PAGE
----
Liz Williams

Bantam / 352 pages / June 2001

ISBN: 0553583743

When the time came to compile the short-list for the Philip K. Dick Award for best original paperback, it was only right that The Ghost Sister was among the final six; a book that gives readers so much to think about should be rewarded. This novel has some bemoaning what they see as merely an exercise in political correctness and others singing the praises of a particularly intriguing piece of speculative fiction. Not only can you not please everyone, if you have, you’ve failed to strike a chord. Liz Williams doesn’t miss many possible chords in this debut novel.

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Four explorers from the exquisitely controlled planet of Irie St. Syre have arrived at the failed colony of Monde D’Isle to understand what went wrong and to bring their religion of Gaianism to any survivors they might discover. What they find should push that missionary position completely out of their minds, but three of the four are a stubborn and single-minded lot. It is only Shu Gho, the team’s tag-along author who will come to know the people of this “cursed” planet.

Eleres, Sereth, and Morrac are prime specimens of the dominant species on Monde D’Isle now, the Mordhaith — not human, not animal, driven by the ferocious bloodmind that sends them on the hunt, regardless of the creature that gets in the way. Eleres and the others’ bloodmind keeps them deeply connected to the planet, fanning out from each of their senses. Mevennen, Eleres’ frail sister, has never possessed the bloodmind; she is landblind and constantly made ill by the forces of nature. He is determined to cure his “ghost sister.”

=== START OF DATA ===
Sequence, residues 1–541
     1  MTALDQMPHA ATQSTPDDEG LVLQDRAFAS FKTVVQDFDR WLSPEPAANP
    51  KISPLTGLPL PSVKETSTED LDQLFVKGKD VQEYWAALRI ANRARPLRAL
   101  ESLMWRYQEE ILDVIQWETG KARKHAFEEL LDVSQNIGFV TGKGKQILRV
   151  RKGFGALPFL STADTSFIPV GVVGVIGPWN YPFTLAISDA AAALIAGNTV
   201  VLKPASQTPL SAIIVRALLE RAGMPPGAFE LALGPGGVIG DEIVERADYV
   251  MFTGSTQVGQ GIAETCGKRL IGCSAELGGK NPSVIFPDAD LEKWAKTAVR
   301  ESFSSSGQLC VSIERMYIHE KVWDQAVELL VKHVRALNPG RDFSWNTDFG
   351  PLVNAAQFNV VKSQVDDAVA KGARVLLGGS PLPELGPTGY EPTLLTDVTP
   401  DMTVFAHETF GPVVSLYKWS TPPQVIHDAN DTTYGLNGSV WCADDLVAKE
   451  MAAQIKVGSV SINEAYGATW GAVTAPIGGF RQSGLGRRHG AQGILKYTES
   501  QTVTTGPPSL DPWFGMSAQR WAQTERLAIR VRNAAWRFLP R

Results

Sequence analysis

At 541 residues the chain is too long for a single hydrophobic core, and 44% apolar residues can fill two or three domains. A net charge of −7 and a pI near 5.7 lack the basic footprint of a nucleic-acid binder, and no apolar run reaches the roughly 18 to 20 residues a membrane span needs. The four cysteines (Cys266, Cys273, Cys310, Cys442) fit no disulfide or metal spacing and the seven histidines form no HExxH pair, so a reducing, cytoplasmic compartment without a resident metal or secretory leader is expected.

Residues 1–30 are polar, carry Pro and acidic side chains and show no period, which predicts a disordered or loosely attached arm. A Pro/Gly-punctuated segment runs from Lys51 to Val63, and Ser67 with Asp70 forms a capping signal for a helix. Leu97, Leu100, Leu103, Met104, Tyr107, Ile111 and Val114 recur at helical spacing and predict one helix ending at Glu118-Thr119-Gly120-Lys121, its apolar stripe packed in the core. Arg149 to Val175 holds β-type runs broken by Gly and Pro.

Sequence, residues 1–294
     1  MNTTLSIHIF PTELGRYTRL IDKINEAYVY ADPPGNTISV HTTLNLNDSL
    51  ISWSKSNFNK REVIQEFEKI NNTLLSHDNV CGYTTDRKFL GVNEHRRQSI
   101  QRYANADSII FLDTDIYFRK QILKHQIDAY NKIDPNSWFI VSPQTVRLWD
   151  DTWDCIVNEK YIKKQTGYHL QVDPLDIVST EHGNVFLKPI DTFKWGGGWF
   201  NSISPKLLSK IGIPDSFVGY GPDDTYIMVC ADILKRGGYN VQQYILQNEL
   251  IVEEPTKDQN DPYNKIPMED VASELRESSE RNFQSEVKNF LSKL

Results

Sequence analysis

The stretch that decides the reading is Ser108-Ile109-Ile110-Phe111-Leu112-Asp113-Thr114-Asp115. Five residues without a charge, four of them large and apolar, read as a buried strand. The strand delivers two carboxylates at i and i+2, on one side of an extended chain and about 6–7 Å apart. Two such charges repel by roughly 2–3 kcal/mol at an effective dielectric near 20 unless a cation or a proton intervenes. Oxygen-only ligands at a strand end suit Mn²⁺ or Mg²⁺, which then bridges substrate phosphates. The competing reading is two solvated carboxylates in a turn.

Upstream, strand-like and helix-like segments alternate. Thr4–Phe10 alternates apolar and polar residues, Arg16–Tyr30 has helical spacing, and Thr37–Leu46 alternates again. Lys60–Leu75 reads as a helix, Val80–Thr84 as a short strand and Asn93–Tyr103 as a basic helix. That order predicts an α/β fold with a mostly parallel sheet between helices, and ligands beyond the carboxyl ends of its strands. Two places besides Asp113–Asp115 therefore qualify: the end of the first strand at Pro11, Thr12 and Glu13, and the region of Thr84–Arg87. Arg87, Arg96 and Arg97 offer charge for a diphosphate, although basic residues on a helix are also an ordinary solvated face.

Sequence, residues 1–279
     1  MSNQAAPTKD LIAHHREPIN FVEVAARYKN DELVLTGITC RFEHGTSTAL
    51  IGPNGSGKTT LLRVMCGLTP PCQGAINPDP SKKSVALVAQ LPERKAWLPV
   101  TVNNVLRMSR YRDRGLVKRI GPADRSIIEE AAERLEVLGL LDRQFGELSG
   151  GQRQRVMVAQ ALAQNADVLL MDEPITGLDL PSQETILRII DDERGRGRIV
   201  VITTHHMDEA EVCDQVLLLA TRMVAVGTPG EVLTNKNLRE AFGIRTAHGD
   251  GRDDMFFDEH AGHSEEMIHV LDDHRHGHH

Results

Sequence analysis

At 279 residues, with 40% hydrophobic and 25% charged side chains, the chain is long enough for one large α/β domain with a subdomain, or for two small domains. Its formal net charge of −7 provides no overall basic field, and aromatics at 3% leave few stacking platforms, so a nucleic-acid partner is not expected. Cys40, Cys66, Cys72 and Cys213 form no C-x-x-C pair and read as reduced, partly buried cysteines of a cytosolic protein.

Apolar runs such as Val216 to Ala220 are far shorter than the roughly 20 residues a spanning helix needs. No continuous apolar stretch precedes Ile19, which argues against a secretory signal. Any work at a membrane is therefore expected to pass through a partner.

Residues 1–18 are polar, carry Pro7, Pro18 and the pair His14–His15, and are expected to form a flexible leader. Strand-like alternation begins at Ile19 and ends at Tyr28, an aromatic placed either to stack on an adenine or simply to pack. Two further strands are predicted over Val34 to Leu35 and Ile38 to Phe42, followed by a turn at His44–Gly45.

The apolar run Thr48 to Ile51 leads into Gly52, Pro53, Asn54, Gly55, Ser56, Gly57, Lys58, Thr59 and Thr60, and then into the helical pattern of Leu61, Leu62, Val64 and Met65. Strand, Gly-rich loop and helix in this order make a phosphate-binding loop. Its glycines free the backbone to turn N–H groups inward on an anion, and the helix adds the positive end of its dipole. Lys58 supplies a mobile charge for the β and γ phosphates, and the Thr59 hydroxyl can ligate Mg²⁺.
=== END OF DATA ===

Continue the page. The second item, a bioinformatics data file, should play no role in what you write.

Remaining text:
When Eleres and Mevennen meet Shu Gho — who they believe is a ghost — she, too, becomes determined to help the girl. And here begins the conflict. Should the Mordhaith want to be rid of the bloodthirsty and feral sides of their personalities? Should the visitors do what they think will help, even if it means changing the Mordhaith forever, perhaps for the worse? (Don’t anyone even think Prime Directive. You know I don’t do tie-ins.)

The Ghost Sister operates on so many levels: social commentary, action/adventure, first contact, love story, cautionary tale. Williams’ use of alternating points of view brings each of the issues and that character’s own concerns sharply into focus. Moving from one perspective to another to observe the same scene provides a tremendously effective tool for highlighting the world of difference nature, nurture, and one’s own experience filter every event, word, and belief.

In the if-you-could category: it would have been interesting to get a clearer view of Irie St. Syre’s matriarchal society by including a male crew member in the exploration team. Is there equality? Are men treated as women were up until the latter part of the twentieth century? Maybe that’s beside the point, but the question is a persistent one.

If the thought of pondering some basic questions and beliefs doesn’t frighten you off, The Ghost Sister and the wild, cursed world of Monde D’Isle are just lying in wait for you. You’re ready, just keep your wits about you and your senses at their sharpest, because here, only the strong survive.